The basal ganglia consist of the caudate, putamen, and globus pallidus. The basal ganglia cross into both the midbrain and to the subthalamic areas. The basal ganglia are closely interconnected with the cerebral cortex, thalamus, and brainstem, as well as several other core brain pathways. The basal ganglia contribute to control of voluntary movements, procedural learning, habit learning, eye movements, cognition, and emotion. It is the connection of the sensory pathways to the basal ganglia that makes them so central to so many functions. The basal ganglia are one of the central interchanges of the brain, as core to proper information traffic flow as the interchange between two major interstate highways.

The Putamen and Globus Pallidus Pathology

The putamen and the globus pallidus combine to make a structure that looks something like a lima bean. When the early anatomists dissected this part of the brain and looked at these two structures together, they decided it resembled a bean. These two structures stand out together on autopsy because they have more gray matter. Thus collectively, these two structures have been referred to as the lentil, for bean.

The figure below  shows the Lentil, consisting of the outer Putamen and the inner Globus Pallidus.

Carbon Monoxide Physiology

An understanding of the physiology of carbon monoxide poisoning should include an understanding of the limbic system.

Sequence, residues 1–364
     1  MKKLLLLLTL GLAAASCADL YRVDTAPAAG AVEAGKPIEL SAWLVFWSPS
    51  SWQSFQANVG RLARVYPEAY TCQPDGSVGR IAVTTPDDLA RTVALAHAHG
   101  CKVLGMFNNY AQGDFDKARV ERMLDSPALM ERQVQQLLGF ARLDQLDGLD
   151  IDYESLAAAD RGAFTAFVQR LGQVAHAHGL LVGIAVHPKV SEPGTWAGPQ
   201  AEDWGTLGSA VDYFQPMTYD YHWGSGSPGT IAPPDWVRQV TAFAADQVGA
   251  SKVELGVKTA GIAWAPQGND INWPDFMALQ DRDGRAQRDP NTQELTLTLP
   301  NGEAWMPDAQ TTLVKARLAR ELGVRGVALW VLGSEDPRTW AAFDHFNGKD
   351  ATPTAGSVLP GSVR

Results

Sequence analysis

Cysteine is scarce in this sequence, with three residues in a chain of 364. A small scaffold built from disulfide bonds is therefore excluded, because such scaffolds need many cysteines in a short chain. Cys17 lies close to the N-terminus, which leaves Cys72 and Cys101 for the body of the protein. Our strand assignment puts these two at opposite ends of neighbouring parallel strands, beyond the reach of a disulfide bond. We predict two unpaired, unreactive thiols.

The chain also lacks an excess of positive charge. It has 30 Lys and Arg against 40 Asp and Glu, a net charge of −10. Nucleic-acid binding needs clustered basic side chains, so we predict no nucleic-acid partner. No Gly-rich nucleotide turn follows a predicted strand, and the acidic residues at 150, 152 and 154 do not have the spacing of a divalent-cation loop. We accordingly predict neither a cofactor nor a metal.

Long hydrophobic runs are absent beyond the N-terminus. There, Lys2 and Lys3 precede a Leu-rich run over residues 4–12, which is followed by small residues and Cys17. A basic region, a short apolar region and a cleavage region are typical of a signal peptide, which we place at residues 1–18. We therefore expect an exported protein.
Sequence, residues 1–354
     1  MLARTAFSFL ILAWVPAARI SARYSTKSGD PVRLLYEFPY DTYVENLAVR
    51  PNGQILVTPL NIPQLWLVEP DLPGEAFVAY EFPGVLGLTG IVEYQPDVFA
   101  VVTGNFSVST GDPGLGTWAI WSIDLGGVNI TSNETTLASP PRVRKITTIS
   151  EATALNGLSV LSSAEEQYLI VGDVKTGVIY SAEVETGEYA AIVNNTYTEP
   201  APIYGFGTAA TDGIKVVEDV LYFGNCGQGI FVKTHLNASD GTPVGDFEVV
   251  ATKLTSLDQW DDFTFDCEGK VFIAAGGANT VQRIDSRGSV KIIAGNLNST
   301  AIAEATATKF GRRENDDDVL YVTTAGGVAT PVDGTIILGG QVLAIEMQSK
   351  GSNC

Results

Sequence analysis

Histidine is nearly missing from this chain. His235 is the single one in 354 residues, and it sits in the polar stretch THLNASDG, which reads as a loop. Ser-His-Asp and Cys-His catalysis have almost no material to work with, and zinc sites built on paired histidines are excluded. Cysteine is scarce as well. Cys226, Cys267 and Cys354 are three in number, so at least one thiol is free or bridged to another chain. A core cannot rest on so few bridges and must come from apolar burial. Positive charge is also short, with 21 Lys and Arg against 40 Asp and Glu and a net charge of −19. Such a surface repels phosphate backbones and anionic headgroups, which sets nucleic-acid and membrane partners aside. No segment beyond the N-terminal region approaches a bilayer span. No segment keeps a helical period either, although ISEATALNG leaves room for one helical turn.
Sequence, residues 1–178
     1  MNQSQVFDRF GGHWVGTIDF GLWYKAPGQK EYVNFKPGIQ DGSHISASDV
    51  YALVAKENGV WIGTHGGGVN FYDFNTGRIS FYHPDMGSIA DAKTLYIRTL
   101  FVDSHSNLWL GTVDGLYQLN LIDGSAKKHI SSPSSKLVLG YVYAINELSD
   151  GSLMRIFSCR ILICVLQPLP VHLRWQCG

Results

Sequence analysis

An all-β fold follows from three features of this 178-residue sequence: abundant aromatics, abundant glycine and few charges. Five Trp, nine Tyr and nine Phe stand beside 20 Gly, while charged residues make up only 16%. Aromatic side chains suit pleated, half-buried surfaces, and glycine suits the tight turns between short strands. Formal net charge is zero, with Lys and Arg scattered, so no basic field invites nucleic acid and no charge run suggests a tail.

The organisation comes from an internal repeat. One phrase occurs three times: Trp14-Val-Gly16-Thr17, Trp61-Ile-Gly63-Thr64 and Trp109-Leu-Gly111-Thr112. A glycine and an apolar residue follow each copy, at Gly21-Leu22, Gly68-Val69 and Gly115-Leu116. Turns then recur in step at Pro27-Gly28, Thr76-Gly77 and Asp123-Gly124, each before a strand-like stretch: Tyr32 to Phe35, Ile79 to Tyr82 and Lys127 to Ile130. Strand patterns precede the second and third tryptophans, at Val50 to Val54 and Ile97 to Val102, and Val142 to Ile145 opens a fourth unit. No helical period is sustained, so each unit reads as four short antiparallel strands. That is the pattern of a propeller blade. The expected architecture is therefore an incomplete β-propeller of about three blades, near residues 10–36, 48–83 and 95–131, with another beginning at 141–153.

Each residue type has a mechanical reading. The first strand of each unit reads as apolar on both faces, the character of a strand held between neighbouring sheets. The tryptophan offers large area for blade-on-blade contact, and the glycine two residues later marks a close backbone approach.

The outer side of this lentil is the putamen and the inner side is the globus pallidus. Thus, in two-dimensional anatomy diagrams of the subcortical structures, the globus pallidus appears hidden, because it is on the inner side of the bean.




Limbic System

Two different views of the coronal view of the subcortical structures are shown. In the picture on the left, the Putamen obstructs the Globus Pallidus. The image on the right  has been sectioned so that the inner structure can be seen. The Globus Pallidus is a light purple, where the Putamen is dark purple, the Caudate is green and the Thalamus tan. The Globus Pallidus is a triangular structure seen on both the coronal and axial planes, sandwiched between the Brain Stem, the Thalamus, the Putamen and the Caudate.

Globus pallidus

The globus pallidus is shown by itself in a coronal view on the left and an axial view on the right. (The red line is the sectioning mark in the program.) The globus pallidus is triangular in both views.[2]

Shown below is the same globus pallidus lesion side by side in two different MRI views.  The coronal view is on the left and the axial view on the right. In viewing on either plane in MRI, look for this triangular shape of the Putamen and Globus Pallidus.

Globus pallidi lesions

Different views of the same lesion in the globus pallidus are shown on an MRI

While not everyone who has carbon monoxide related brain damage will have visible lesions on MRI in the globus pallidus, it is clear when lesions show up in here after a poisoning, that they were caused by carbon monoxide. The reasons that the differential diagnosis for globus pallidus lesions is almost always CO poisoning is multiple.